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Links and articles about technology, design, and sociology. Written by Rian van der Merwe.

An interface should get out of the way, except when it shouldn’t

Rus Yusupov talks about the design process at Vine in Design at Vine: Everyone needs an editor. I love these kinds of posts because I always learn something — either confirmation that we’re not the only ones doing things a certain way, or that we’re doing something wrong and need to change.

One of Vine’s key design principles got me thinking about the “invisible design” debate again:

Strive for simplicity. An interface should get out of the way. People should be able to focus on being creative, not on how to use the app. In many ways, interface design is like film editing: if you notice it, it wasn’t done well.

This idea has been a common refrain over the years, especially since Dieter Rams formalized his 10 principles of good design and said that “Good design is as little design as possible.” Except that somewhere along the line, we started to believe that “as little design as possible” means “getting out of the way”. It doesn’t.

Rams didn’t say that good design disappears completely. “As little design as possible” is not about making things invisible, it’s about “not burdening products with non-essentials”. It’s about making the right choices about what should be there, and what shouldn’t. There is nothing wrong with making the things that are in the product visible, sometimes very much so. Let’s not forget that one of Rams’s other principles is that “Good design is aesthetic”:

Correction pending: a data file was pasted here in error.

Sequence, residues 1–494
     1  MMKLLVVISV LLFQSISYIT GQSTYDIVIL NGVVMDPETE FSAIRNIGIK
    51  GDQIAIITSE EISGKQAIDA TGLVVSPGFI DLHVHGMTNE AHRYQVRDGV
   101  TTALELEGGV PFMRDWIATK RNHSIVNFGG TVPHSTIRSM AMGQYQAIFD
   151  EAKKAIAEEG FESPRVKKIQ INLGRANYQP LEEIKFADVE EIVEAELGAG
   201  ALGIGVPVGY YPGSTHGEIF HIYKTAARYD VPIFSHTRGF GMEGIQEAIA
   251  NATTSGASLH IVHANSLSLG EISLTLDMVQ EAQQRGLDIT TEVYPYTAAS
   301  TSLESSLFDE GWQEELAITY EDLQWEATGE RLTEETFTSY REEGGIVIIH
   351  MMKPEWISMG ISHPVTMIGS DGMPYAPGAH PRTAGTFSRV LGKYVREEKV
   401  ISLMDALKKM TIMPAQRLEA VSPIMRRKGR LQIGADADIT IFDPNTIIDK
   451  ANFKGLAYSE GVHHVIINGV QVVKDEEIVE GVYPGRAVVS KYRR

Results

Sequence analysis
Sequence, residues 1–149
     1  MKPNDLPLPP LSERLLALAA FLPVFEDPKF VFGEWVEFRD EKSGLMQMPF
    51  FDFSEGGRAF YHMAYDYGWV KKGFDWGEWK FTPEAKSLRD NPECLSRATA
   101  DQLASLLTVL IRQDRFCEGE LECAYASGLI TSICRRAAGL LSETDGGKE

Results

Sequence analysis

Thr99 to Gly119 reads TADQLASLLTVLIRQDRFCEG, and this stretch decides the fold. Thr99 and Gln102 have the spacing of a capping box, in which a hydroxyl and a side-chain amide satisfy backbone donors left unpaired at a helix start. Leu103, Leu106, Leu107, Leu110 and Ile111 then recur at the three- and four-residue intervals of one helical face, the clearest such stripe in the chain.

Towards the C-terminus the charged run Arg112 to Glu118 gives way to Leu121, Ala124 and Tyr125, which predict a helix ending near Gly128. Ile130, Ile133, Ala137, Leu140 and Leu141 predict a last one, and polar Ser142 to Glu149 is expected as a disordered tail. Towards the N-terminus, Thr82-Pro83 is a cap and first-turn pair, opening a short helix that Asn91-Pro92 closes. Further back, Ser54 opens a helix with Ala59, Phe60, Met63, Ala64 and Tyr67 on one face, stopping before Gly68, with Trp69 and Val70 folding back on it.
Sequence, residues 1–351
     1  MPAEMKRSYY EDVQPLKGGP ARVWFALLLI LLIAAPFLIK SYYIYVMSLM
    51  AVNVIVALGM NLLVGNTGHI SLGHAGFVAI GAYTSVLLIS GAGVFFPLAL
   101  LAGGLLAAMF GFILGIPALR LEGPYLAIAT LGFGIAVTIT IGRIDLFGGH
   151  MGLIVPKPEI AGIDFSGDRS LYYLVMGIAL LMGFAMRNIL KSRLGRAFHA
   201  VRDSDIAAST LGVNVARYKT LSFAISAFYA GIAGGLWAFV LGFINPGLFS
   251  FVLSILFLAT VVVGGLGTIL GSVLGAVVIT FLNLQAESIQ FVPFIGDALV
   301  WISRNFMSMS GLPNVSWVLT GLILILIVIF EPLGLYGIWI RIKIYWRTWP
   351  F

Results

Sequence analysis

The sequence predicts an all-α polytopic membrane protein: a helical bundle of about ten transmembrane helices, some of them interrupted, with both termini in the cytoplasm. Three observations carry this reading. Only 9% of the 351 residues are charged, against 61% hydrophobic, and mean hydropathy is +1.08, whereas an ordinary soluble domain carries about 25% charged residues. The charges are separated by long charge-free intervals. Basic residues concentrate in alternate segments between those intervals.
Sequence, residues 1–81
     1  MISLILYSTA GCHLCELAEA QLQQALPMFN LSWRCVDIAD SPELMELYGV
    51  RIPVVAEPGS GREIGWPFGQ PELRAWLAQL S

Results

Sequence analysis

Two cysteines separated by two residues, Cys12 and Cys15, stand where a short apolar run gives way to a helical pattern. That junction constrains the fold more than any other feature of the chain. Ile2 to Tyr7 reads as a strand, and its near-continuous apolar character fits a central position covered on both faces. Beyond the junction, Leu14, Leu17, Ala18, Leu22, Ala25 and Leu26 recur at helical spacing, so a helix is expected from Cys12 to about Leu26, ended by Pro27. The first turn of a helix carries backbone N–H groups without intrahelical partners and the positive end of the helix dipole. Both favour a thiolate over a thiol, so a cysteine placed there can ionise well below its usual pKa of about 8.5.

The aesthetic quality of a product is integral to its usefulness because products we use every day affect our person and our well-being.

I would add that making the right interface elements appropriately visible is essential for a visual hierarchy that effectively guides users through an interface.

Nevertheless, at some point the design community collectively arrived at this conclusion that good design is invisible — or even better, not even there. And I think that’s a dangerous line of thought. In the case of Vine, they used this principle well to ensure simplicity in the app. But there is still a very strong visual identity in the app.

We need to remember not to conflate what should be two different arguments. “How it works” should be invisible, but “How it looks” certainly doesn’t have to be. I think Dieter Rams would agree with that.

I’ve written about this topic before in So, is good design invisible, or not?